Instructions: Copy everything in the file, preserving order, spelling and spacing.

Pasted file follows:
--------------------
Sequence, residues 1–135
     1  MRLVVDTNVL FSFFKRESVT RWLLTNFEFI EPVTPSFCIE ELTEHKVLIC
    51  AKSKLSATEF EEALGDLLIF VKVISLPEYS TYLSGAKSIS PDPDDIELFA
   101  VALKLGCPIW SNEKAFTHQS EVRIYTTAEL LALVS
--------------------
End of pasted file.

Sequence, residues 1–135
     1  MRLVVDTNVL FSFFKRESVT RWLLTNFEFI EPVTPSFCIE ELTEHKVLIC
    51  AKSKLSATEF EEALGDLLIF VKVISLPEYS TYLSGAKSIS PDPDDIELFA
   101  VALKLGCPIW SNEKAFTHQS EVRIYTTAEL LALVS